So then I'm looking through the textbook I'm going to use, and lo and behold, there's a little sidebar about "dealing with stillbirth and miscarriage" in one of the chapters. And what do you know? It's a thoughtful, concise examination mothers feel. Men? According to the sidebar (emphasis mine)..."The man may have been less focused on the pregnancy, and his body does not give him physical reminders of the loss." Also? "In one small study, eleven men whose child had died in utero reported being overcome with frustration and helplessness during and after the delivery, but several found relief in supporting their partners." I don't even know where to start. I don't know that I have another gender-role rant in me right now, nor am I sure that I haven't already gone over my limit for the year. All I could do was sigh and say to myself "Really? Less focused? Relief in support? Really?" Teachable moment? I'm not done with all of this. It will always be there. Both the idea of children, and what being a man means for having (or not having) children.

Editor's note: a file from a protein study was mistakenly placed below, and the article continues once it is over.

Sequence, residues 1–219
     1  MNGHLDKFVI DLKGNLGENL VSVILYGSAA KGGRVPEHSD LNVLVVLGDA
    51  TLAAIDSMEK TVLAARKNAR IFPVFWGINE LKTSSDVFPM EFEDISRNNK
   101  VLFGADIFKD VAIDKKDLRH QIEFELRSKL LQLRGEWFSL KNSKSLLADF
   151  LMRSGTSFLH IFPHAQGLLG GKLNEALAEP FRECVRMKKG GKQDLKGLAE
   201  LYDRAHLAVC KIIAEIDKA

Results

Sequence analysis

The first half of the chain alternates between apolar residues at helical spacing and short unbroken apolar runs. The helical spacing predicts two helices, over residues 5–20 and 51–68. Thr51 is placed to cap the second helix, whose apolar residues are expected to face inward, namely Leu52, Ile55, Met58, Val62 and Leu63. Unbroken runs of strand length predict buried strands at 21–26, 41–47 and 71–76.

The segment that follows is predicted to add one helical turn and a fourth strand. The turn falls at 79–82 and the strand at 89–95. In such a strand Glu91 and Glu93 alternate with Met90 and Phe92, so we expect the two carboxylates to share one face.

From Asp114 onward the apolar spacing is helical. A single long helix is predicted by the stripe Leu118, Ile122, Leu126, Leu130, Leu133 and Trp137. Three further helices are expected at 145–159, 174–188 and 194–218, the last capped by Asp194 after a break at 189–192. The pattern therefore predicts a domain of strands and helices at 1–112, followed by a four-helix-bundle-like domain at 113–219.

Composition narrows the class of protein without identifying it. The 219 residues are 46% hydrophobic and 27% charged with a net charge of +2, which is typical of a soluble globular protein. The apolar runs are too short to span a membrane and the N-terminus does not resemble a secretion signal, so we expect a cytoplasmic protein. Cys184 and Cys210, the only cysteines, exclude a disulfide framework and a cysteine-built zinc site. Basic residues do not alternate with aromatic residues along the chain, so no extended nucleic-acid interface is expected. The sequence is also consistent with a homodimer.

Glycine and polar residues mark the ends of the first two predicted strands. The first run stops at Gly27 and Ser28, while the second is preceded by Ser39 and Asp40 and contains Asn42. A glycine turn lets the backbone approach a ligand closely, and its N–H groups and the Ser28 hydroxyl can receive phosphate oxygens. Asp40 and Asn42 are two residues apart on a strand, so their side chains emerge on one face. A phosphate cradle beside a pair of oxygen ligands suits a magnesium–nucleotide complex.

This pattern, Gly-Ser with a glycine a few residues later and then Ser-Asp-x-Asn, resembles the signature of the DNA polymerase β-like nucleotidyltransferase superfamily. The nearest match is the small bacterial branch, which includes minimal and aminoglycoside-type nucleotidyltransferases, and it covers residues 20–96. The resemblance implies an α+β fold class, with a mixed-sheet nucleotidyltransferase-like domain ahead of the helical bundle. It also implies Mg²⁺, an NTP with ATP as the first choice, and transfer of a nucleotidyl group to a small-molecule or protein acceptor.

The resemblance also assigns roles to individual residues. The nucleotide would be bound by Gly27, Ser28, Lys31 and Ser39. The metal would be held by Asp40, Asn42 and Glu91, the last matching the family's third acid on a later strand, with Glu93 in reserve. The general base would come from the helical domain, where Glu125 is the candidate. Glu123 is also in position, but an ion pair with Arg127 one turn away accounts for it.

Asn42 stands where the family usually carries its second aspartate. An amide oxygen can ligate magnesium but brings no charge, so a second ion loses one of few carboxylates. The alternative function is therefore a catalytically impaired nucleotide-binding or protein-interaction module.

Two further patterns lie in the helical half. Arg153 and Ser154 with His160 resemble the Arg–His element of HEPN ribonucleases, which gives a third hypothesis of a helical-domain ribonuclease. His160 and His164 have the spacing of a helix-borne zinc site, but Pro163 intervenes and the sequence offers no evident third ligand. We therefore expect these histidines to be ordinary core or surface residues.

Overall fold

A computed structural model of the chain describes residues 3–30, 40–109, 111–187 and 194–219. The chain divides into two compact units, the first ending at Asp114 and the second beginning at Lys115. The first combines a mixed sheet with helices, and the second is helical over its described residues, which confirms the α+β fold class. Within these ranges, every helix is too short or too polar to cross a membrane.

Second, there was Father's Day, detailed more here. I didn't think I was going to be that bothered by it initially, but the more the ads kept cropping up on TV and the more I kept thinking about what I was missing out on by not being able to do what fathers do, where I would have been right now if the boys had been born alive and healthy, the more I felt it. I'm okay, but I'm glad I spent yesterday playing games and watching movies. Anything to not see another "we love you, Dad" commercial. Teachable moment? I'm not over it. It still hurts.